Elizabeth Barrette (ysabetwordsmith) wrote,
Elizabeth Barrette

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A Historic Bottleneck

This article cites a DNA study that estimates the original colonists of North America numbered about 70 people (who left descendants).  I am fascinated, but a bit dubious, given that Minimum Viable Population numbers tend to run 500-1000 if not accounting for inbreeding or well into the thousands with inbreeding counted in.  The founder effect details some of the odd things that can happen with a small initial gene pool.  Historical probability is that those colonists would have been related to each other: one tribe on the move, or 2-3 large families separately, would cover the ancestors and leave room for extras who didn't leave any genetic imprints.  It's a lot harder to establish a healthy population if the founders are closely related than if they are unrelated.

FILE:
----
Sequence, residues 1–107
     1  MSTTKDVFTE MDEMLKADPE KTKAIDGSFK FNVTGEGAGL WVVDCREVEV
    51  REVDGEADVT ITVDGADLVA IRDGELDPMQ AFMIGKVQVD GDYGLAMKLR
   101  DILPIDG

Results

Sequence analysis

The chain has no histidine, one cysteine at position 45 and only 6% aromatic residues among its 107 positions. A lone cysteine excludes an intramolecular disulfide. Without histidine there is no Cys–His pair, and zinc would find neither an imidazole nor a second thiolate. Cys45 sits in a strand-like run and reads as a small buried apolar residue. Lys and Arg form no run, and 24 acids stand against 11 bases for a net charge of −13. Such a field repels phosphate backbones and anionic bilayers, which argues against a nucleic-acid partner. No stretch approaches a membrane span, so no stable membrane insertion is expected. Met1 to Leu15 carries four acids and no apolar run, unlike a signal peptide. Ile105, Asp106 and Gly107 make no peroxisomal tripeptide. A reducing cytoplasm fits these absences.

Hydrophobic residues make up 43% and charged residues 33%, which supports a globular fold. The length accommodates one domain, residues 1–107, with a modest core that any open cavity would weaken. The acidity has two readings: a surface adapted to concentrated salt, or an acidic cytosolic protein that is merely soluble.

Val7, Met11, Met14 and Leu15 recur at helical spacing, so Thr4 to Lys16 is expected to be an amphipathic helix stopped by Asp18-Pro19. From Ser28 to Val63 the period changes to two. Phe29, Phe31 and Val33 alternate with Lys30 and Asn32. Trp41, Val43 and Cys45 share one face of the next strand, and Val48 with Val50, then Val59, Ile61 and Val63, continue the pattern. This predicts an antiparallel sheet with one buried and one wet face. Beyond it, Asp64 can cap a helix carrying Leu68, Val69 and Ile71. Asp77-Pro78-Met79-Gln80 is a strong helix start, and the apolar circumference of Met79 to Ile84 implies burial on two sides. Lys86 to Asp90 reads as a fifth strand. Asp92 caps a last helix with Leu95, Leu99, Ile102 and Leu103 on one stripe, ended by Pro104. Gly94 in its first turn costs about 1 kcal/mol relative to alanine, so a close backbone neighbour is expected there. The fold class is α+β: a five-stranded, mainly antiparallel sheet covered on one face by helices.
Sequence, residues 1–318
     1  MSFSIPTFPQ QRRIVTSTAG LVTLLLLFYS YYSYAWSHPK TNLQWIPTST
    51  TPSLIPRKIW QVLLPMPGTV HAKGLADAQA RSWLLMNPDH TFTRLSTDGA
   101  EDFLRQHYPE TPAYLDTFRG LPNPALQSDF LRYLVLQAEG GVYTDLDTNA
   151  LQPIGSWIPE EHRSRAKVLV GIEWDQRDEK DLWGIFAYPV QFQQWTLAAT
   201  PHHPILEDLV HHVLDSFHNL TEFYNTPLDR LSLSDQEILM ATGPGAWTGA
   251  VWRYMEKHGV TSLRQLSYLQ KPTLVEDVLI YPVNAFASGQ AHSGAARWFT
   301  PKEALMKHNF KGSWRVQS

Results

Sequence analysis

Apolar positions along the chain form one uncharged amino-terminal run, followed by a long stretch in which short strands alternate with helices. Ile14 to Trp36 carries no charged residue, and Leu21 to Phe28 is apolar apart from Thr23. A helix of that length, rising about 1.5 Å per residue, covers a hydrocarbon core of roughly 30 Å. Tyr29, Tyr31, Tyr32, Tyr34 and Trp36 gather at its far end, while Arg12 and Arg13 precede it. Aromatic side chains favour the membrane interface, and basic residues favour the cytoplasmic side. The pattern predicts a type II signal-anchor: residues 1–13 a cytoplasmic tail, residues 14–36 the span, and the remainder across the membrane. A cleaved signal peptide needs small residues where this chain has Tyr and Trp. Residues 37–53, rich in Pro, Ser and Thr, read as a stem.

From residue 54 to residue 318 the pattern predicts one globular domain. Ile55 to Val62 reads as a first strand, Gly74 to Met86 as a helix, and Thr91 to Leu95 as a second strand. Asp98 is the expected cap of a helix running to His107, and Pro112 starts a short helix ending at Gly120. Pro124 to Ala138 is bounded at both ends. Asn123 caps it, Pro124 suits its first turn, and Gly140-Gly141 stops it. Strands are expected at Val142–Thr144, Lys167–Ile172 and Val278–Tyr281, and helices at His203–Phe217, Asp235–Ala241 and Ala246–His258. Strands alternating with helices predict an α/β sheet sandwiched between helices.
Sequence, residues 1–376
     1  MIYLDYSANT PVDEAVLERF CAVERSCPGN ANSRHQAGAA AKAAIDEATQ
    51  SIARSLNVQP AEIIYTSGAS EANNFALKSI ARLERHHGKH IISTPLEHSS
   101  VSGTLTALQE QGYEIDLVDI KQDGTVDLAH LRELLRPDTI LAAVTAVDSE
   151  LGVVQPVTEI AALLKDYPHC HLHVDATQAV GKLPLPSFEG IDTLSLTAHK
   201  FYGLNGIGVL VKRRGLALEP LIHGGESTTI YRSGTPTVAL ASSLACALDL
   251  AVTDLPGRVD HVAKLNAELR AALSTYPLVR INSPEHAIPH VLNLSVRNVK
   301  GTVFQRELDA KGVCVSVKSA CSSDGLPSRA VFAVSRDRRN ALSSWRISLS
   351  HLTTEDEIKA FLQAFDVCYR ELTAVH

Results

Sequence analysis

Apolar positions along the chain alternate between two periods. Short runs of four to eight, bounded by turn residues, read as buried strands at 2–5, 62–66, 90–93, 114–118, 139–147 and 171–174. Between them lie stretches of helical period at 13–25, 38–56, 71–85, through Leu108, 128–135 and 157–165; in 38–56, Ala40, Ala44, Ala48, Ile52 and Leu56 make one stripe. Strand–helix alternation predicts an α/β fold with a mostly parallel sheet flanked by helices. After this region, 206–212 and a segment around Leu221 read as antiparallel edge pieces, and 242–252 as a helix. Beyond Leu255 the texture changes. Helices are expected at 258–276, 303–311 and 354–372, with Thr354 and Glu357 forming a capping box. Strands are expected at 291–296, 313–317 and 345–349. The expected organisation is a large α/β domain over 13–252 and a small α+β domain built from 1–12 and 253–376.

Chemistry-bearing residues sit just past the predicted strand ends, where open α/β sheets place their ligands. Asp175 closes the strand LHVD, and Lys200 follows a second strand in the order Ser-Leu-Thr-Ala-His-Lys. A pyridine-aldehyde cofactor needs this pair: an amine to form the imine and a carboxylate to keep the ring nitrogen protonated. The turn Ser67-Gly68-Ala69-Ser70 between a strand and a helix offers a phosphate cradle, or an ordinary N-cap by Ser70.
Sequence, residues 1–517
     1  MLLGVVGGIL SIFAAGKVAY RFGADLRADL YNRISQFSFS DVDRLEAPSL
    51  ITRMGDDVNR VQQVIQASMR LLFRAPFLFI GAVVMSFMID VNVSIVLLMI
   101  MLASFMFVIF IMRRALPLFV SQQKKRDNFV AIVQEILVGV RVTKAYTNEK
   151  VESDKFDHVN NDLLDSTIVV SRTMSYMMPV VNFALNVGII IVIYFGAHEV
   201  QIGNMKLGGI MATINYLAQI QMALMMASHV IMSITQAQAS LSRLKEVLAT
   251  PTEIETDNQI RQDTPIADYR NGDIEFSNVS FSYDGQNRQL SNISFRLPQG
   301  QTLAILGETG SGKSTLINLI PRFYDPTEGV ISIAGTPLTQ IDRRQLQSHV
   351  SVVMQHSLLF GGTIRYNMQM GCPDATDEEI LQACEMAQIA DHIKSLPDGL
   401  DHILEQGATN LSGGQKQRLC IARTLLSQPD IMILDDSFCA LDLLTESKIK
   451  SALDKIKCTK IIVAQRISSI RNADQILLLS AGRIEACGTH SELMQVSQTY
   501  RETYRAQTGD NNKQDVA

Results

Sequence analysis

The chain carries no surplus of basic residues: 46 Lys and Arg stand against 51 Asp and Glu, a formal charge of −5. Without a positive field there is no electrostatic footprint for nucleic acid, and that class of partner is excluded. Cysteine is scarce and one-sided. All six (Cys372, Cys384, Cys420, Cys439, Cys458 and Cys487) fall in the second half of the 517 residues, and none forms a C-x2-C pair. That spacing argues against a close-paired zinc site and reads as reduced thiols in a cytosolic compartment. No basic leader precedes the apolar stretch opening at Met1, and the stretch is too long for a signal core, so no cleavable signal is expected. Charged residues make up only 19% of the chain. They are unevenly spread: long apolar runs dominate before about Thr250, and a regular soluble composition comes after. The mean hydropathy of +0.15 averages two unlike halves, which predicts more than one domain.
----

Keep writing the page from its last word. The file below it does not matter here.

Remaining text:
We did some serious research on this stuff for Torn World, because the Upheaval greatly reduced the human population overall and diced up the human species into separate populations.  The North was lucky in that they had a wide genetic base, even though the starting number was low.  Some other places started out with a deep-rooted settlement and population, so people were already related.  That's a likely contributor toward cases like the Glifai with their odd genetic quirk of not manifesting a sex until puberty.
Tags: ethnic studies, history, news, science
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